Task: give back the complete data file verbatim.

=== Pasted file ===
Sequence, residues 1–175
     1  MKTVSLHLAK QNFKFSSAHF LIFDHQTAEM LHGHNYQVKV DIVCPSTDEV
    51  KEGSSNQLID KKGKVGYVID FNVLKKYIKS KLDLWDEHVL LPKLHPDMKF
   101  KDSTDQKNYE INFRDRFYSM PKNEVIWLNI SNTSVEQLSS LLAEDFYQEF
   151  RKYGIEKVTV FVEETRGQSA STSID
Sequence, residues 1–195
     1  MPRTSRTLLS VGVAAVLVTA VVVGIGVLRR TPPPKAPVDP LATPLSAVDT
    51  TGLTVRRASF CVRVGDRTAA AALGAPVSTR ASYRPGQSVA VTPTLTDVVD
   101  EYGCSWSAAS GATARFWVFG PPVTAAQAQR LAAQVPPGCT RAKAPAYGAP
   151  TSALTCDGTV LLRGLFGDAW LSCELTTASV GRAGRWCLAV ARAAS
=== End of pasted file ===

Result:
Sequence, residues 1–175
     1  MKTVSLHLAK QNFKFSSAHF LIFDHQTAEM LHGHNYQVKV DIVCPSTDEV
    51  KEGSSNQLID KKGKVGYVID FNVLKKYIKS KLDLWDEHVL LPKLHPDMKF
   101  KDSTDQKNYE INFRDRFYSM PKNEVIWLNI SNTSVEQLSS LLAEDFYQEF
   151  RKYGIEKVTV FVEETRGQSA STSID
Sequence, residues 1–195
     1  MPRTSRTLLS VGVAAVLVTA VVVGIGVLRR TPPPKAPVDP LATPLSAVDT
    51  TGLTVRRASF CVRVGDRTAA AALGAPVSTR ASYRPGQSVA VTPTLTDVVD
   101  EYGCSWSAAS GATARFWVFG PPVTAAQAQR LAAQVPPGCT RAKAPAYGAP
   151  TSALTCDGTV LLRGLFGDAW LSCELTTASV GRAGRWCLAV ARAAS